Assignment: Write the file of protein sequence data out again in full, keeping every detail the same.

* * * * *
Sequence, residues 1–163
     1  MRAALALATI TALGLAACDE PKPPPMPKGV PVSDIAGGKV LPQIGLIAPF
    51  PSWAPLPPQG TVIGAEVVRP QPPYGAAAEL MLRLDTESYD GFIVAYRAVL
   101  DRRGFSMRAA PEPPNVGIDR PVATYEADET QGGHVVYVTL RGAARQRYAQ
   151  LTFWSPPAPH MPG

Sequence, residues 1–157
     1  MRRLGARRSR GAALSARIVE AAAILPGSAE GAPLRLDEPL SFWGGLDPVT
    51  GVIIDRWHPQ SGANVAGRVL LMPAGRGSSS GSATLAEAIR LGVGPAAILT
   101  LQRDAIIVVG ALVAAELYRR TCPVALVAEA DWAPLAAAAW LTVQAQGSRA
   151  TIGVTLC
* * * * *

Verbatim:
Sequence, residues 1–163
     1  MRAALALATI TALGLAACDE PKPPPMPKGV PVSDIAGGKV LPQIGLIAPF
    51  PSWAPLPPQG TVIGAEVVRP QPPYGAAAEL MLRLDTESYD GFIVAYRAVL
   101  DRRGFSMRAA PEPPNVGIDR PVATYEADET QGGHVVYVTL RGAARQRYAQ
   151  LTFWSPPAPH MPG

Sequence, residues 1–157
     1  MRRLGARRSR GAALSARIVE AAAILPGSAE GAPLRLDEPL SFWGGLDPVT
    51  GVIIDRWHPQ SGANVAGRVL LMPAGRGSSS GSATLAEAIR LGVGPAAILT
   101  LQRDAIIVVG ALVAAELYRR TCPVALVAEA DWAPLAAAAW LTVQAQGSRA
   151  TIGVTLC